WASHINGTON, D.C. (WDAM) - Your cell phone rings; and you don't recognize the number. On the other end, a recording tells you, "This is the second and final notice, the factory warranty on your vehicle is about to expire..."
Charles Shumer, (D - New York), said Sunday he would like to see a federal investigation into the harassing "robo-dialer' phone calls which have become a daily nuisance for millions of Americans in 40 states.
The calls are a scam, an attempt to get credit card numbers with fraudulent car warranties, said Shumer.
Most of the calls originate in St. Louis, Mo., according to the state's Better Business Bureau.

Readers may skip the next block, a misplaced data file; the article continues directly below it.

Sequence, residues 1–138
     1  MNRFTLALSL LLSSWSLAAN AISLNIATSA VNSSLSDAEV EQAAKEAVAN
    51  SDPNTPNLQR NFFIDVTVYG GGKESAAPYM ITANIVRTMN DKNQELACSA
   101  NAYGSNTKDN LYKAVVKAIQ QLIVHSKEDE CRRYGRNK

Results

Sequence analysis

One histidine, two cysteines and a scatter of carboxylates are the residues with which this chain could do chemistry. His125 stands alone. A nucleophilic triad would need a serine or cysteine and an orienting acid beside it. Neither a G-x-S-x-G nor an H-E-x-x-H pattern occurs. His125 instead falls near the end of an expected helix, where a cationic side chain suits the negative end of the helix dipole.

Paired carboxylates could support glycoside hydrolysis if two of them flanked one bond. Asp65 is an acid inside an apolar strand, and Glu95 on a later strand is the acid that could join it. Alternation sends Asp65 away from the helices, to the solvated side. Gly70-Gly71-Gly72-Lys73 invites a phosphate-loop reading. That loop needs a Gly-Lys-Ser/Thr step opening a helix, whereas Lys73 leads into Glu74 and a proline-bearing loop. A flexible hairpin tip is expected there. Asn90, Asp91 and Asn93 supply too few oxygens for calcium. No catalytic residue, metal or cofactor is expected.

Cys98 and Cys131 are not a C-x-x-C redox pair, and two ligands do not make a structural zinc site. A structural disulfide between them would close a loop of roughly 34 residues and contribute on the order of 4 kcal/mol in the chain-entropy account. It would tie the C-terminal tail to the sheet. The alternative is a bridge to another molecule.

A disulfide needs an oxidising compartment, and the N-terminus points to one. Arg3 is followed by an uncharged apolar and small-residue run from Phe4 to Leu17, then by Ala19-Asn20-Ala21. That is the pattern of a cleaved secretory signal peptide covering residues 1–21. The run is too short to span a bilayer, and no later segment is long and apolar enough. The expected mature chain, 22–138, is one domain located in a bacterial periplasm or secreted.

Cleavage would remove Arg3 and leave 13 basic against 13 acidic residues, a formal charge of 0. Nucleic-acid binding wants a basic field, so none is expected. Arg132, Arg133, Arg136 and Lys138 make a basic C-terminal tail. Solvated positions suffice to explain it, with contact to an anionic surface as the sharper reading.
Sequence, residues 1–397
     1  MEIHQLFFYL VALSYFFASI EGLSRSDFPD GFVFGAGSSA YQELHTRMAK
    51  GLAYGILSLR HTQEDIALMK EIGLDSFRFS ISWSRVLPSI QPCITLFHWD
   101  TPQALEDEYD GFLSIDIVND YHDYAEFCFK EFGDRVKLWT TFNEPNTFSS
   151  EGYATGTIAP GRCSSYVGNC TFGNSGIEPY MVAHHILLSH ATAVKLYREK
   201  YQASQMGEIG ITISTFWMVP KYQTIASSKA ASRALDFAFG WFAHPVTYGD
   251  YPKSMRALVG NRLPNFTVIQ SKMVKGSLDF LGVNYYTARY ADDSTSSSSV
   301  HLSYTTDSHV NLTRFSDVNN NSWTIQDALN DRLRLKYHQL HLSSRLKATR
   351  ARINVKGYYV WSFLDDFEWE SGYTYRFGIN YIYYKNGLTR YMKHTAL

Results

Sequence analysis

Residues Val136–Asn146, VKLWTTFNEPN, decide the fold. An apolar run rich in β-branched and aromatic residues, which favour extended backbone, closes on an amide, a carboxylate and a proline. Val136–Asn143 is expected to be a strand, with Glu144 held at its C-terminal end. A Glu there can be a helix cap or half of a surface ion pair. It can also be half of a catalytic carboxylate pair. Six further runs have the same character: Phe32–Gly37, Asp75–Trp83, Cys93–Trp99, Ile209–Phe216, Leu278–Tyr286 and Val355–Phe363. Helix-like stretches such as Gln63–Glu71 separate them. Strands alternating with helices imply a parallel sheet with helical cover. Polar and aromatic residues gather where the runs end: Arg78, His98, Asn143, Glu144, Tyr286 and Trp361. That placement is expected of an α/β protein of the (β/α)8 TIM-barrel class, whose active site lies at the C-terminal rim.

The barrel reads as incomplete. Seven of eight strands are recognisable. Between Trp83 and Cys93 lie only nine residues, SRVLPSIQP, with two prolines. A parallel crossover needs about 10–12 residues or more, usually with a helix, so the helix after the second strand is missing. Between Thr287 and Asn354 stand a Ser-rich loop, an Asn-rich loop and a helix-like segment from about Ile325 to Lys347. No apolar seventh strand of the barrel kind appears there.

More than 35 companies, some starting 10-15 years ago, offer the warranties, but now they are cold-calling cell phones without knowing if the person on the other end even owns a car, according to the Bureau.
Shumer said he wants the Federal Trade Commission, the agency responsible for the national do-not-call list, to find the scammers and shut them down.
The problem, so far, is the callers mask their true telephone numbers from appearing on caller identification systems. Also, people often just hang up when they hear the message instead of moving forward and engaging the scammers or reporting them to their own state's attorney general's office.